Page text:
Paul and I were together several times the past month. I discovered he loves billiards so I asked if I could join him when he went out at night to the local pool hall. I am a weak pool player but he is both a great teacher and a patient competitor. While conversing, Paul revealed that he is an agnostic. One evening the topic of death came up and I mentioned the emptiness of dying only to end up as worm food. He countered that life was still valuable if we contributed to the betterment of others—even if they too had nothing more than the grave to anticipate. As our discussion deepened, I asked him if would not be much better to contribute to people’s lives and then have eternal life with God to enjoy. He agreed and at that point, I felt led not to force the conversation further with my fellow officer.
John 7:12—And there was a lot of discussion about Him among the crowds. Some were saying, “He’s a good man.” Others were saying, “No, on the contrary, He’s deceiving the people.”
Hypocrisy, rigidity, insecurity (viewed as controlling), and a failure to listen are four ingredients that hasten the emergence of skepticism. An agnostic prefers to camp on the ground of uncertainty. Since most of us dislike uncertainty, we try to force the doubter to leave what we see as marsh to enter our solid encampment. If we are not careful, our persistent insistence that our ground is better while their soil is wrong, serves only to alienate them. There are a great number of people who do not appreciate being told where and how they should camp.
Truly only God can reach an agnostic since only He can reveal Himself. Since sin blinds men to truth and skepticism is a blind manifestation, our prayer should be for God’s mercy to overcome man’s hardness. If I understand Scripture correctly, my first responsibility is to love Paul and pray for his salvation. By loving him, I value who he is as a God-created man, treat him with dignity, and make every effort to model obedience to the leading of the Holy Spirit and to what Scripture commands. Experientially, I find with agnostics that if they see I am genuine, they open up with questions and trust that I will dialogue honestly not trying to force my views down their throats. Humility is a great damper to skepticism.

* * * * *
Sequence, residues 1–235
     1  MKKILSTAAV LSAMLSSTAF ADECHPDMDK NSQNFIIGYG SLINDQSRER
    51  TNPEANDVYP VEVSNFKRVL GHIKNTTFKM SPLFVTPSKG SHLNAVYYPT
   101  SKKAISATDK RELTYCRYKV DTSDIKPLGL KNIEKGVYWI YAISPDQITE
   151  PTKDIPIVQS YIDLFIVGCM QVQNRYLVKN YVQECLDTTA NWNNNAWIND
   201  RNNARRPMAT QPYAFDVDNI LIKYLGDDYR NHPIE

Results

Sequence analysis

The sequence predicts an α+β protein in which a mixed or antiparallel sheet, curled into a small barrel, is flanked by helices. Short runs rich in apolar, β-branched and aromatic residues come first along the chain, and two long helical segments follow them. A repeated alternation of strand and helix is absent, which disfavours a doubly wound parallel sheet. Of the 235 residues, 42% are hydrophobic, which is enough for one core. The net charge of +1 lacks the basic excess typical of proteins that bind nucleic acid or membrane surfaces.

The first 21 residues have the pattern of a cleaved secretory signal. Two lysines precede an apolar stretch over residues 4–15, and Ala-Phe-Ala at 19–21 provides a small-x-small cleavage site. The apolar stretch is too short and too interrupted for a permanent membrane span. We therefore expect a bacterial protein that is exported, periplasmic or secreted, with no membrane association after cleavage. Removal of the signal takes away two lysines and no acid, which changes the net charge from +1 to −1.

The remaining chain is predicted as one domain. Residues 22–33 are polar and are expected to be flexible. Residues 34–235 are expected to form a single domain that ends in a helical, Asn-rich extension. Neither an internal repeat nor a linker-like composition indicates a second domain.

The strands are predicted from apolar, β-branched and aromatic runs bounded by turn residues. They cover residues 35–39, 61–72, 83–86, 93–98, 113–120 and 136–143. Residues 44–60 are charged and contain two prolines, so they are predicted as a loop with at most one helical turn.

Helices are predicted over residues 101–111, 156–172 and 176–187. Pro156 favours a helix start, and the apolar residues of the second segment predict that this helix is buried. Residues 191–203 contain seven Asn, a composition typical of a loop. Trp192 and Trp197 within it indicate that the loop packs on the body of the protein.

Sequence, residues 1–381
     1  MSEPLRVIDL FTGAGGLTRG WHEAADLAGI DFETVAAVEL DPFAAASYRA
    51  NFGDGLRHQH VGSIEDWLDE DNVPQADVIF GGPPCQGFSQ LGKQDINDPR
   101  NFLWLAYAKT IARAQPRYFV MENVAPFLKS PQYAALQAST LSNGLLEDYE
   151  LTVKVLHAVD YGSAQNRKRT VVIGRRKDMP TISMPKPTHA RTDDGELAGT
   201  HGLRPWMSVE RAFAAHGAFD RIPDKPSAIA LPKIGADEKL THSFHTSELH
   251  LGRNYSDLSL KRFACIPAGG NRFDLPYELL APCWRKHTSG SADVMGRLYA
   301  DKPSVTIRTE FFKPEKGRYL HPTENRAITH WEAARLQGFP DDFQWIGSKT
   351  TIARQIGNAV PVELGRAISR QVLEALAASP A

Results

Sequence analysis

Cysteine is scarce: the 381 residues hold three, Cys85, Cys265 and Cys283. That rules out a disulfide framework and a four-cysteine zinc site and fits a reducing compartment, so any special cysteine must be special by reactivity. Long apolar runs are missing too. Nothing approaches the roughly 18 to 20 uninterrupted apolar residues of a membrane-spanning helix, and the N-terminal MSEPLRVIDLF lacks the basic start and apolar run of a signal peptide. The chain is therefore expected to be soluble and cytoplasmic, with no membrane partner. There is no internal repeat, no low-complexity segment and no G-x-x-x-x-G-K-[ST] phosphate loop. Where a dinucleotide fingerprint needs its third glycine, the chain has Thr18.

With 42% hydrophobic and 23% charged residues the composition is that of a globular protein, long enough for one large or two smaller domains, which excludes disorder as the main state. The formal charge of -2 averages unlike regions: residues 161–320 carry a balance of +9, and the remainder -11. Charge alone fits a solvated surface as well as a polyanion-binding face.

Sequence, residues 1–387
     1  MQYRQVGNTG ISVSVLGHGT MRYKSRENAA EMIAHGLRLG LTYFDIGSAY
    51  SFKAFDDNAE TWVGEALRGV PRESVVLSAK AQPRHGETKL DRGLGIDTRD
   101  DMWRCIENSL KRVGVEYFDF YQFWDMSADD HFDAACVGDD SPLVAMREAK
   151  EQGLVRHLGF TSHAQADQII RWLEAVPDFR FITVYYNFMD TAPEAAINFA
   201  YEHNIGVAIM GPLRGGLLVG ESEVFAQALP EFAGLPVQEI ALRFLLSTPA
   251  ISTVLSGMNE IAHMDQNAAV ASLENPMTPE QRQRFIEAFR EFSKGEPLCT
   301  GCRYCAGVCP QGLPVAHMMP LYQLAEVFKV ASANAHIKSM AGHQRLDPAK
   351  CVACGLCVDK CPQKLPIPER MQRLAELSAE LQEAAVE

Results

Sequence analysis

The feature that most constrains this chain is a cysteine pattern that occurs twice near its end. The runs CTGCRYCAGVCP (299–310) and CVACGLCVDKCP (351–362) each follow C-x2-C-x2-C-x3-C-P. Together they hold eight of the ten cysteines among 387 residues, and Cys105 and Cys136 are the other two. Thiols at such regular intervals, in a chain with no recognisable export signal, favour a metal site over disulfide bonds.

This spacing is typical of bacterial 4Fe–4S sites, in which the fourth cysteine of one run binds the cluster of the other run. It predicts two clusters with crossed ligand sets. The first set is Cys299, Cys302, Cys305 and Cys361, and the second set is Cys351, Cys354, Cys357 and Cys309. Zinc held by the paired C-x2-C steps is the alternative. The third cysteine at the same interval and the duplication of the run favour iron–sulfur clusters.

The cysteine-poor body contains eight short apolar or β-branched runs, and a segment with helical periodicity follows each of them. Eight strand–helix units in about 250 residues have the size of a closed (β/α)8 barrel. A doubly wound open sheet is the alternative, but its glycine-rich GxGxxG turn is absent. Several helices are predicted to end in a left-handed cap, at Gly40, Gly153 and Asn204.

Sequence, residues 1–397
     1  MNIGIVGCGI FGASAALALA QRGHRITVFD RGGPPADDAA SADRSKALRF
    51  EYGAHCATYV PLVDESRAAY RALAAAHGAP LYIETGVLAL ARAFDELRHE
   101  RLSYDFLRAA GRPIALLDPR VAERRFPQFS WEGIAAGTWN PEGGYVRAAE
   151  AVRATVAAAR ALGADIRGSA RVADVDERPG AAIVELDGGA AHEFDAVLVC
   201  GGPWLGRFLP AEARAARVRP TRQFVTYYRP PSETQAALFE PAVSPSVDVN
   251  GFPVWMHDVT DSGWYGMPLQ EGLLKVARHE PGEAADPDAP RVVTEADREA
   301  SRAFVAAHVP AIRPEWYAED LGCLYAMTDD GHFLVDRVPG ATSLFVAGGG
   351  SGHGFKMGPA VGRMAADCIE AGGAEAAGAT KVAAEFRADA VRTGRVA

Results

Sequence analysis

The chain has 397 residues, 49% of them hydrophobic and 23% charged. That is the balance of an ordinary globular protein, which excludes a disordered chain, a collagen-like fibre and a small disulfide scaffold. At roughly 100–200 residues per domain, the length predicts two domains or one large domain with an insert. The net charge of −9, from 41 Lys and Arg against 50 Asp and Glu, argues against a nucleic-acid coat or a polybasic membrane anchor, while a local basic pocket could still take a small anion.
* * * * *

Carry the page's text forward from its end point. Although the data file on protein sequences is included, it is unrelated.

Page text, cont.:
God does not call us to win arguments. He calls us to follow Jesus. Truth does not rely on force of persuasion it stands on its own authenticity. This is why the fruit of truth is freedom. Therefore, those who disagree and resist what we espouse, should not intimidate us or increase our vocal volume but rather compel us to pray that the Lord of Light would shine His truth upon their darkness of doubt. In order to know how to pray for Paul, I must make the time to know Paul. How can I hope to see him sing praises in the mansion if I am not first willing to shoot pool with him in the marsh!
Skepticism is produced by telling people what to believe. We are in danger of putting the cart before the horse and saying a person must believe certain things before he can be a Christian; his beliefs are the effect of his being a Christian, not the cause of it.—Oswald Chambers in Approved Unto God
©2010 Daniel York ARR. Reveration is the weekly devotional ministry of First Cause. If you would like to receive these devotionals go to www.firstcause.org and click on the “Click here to receive weekly devotionals” box. Unlimited permission to copy this devotional without altering text or profiteering is allowed subject to inclusion of this copyright notice.
Ecclesiastes 12:10-The Teacher sought to find delightful sayings and to accurately write words of truth. (Holman CSB)